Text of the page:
Amida Buddha at Byodo-in Temple

Amida Buddha at Byodo-in Temple
Amida Buddha at Byodo-in Temple
Anonim

This Buddha sculpture was made around 1053 and is still in the Byodo-in temple in the city today Japanese name of Uji for which it was created. But that is not the only surprise that this figure offers us, since it is one of the few cases of such an old work in which we know its author, a sculptor named Jocho.

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Amida Buddha in Byodo-in

In fact, there is much more information about this creation. The city of Uji is very close to the monumental and imperial city of Kyoto, where some of the most famous temples in the country are found, such as the famous Golden Pavilion. But in addition to temples, there were also palaces of the most powerful men in the empire belonging to the Fujiwara dynasty.

The thing is, some of those aristocrats also had exquisite resort villas in Uji. One of those villas was the one with Fujiwara no Yorimichi, who decided to transform it into a temple in the middle of the 11th century. In this transformation, the Amida Hall was created, where today is this sculpture of Buddha, who appears in his personification of Amida or god of immeasurable Life and Light. A deity capable of saving anyone who repeatedly says his name.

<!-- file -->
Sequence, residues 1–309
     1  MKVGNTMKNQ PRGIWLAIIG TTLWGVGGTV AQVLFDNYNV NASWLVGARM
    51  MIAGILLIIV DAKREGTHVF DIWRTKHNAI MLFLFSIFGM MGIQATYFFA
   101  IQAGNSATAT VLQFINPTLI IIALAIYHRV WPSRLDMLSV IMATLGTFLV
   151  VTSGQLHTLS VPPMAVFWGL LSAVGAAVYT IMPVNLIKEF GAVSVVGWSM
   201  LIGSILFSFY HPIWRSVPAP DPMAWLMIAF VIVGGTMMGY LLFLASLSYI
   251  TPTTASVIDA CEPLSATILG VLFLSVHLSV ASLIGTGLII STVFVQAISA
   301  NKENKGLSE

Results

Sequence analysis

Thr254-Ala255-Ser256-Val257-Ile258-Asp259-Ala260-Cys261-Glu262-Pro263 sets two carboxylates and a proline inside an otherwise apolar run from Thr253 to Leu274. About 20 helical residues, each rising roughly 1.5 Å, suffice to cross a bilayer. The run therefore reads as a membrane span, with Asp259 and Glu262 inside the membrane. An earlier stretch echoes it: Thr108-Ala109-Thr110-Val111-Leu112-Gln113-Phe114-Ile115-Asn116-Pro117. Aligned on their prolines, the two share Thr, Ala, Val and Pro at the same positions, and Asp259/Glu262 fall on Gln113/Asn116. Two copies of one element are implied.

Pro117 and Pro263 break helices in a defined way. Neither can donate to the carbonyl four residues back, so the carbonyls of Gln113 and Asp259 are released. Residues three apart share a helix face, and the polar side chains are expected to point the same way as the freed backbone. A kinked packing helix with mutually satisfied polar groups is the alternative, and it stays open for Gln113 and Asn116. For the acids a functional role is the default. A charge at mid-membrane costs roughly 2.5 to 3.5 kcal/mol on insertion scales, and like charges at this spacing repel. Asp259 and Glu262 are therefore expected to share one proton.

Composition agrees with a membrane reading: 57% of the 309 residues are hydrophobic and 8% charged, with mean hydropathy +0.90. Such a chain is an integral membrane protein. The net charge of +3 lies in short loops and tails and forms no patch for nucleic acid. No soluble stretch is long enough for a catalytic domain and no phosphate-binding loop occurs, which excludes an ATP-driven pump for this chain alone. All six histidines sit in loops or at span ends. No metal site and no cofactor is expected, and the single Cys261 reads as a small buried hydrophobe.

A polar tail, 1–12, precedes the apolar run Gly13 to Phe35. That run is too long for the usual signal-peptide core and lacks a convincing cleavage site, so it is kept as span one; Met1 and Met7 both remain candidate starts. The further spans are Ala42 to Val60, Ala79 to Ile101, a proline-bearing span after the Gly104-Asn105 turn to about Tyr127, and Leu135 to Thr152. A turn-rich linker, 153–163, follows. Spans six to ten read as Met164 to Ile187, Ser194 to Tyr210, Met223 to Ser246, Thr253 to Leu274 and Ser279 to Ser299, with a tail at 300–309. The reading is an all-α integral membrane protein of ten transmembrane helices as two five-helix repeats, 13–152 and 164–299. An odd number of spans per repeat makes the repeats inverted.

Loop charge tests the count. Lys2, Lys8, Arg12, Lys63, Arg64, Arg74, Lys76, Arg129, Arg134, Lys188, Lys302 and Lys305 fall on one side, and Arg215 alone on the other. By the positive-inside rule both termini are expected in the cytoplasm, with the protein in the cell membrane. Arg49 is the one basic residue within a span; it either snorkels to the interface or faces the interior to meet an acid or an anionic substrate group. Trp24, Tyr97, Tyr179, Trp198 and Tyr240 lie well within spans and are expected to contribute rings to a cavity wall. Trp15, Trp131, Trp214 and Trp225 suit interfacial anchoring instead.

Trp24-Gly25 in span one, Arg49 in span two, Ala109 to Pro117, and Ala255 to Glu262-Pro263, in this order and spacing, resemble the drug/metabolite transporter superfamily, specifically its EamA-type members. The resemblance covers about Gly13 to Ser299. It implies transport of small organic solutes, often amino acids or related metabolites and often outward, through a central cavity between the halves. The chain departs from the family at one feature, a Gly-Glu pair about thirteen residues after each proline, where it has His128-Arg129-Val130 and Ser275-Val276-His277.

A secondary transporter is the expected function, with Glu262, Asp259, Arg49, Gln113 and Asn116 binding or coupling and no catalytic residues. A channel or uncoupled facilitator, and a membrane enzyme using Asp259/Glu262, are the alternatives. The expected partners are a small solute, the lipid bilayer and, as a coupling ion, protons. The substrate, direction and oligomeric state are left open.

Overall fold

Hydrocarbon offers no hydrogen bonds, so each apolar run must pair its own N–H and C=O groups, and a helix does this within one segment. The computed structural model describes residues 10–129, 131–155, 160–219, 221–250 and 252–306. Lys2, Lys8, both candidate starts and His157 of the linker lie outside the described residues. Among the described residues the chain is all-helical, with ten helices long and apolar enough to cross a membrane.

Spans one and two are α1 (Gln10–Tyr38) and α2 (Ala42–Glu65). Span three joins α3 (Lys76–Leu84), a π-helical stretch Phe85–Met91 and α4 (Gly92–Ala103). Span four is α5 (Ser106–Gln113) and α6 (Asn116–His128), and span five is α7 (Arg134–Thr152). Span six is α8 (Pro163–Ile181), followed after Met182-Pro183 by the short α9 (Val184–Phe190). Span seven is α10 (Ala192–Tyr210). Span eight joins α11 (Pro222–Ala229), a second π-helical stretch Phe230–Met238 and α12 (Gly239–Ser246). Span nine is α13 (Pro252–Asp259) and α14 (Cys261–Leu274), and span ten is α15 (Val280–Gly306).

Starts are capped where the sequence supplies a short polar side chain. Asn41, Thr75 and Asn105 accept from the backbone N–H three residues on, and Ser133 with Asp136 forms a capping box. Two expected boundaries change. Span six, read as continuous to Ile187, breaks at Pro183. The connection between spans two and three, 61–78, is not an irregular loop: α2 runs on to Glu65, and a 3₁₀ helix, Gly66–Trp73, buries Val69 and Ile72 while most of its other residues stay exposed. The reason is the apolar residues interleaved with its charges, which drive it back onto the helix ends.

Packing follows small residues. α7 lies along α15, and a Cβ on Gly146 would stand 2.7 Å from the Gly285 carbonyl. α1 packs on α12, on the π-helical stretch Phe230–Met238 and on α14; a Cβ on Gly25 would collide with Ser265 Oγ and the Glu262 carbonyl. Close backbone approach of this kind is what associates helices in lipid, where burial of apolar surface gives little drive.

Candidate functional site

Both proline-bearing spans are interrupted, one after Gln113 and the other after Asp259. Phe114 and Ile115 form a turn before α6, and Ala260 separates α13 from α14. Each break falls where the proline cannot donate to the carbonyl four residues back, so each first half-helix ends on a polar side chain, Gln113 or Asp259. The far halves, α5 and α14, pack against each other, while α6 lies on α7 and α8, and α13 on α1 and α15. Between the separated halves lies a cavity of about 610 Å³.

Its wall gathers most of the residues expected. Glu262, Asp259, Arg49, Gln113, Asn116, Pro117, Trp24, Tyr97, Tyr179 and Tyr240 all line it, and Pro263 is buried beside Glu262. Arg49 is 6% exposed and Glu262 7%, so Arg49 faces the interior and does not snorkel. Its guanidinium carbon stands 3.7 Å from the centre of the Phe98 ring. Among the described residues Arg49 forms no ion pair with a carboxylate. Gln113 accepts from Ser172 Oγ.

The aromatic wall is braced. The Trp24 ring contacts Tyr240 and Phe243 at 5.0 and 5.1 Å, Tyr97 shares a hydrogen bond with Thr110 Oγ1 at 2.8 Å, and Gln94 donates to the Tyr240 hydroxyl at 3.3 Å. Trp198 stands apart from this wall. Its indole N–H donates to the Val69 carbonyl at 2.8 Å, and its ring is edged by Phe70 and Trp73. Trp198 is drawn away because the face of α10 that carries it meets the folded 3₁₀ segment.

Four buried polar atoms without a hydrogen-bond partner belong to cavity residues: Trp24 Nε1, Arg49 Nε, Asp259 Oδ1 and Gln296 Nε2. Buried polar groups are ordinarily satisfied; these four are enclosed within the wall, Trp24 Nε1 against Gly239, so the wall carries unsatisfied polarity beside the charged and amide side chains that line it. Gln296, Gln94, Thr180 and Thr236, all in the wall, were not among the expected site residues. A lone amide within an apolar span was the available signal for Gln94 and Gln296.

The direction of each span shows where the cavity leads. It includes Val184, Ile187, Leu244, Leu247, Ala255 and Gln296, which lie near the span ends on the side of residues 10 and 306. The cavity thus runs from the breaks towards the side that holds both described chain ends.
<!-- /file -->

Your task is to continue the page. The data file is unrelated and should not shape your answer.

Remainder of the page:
Despite the appearance it conveys at first glance, it is a work carved in wood that was later painted in gold. TheThe result is that of a radiant and enormous sculpture, as it reaches 3 meters in height.

We see a Monumental Buddha sitting on a pedestal composed of several layers of lotus flower. The representation of this flower has its logic within the iconography of Buddha Amida, since believers thought that this god would come down to collect their souls after death and transport their souls on lotus flowers to the heavenly realm.

And in addition to the figure, the gigantic halo behind it is also striking and looks like a flame that illuminates it. A halo also carved in wood, in which decorative motifs and also the figures of musicians can be distinguished. All this with a work of extreme delicacy, in the form of filigree that later receives a bath of gold leaf.

The way of carving Buddha's face is also notable for its delicacy, with a much finer finish than the rest of the work. Thanks to this finish, the contemplative and serene expression can be appreciated much better. And so the message of compassion is launched from him, which is also received directly by his faithful, since Buddha looks down, towards his devotees. A gesture that is not usual in this type of sculptures.

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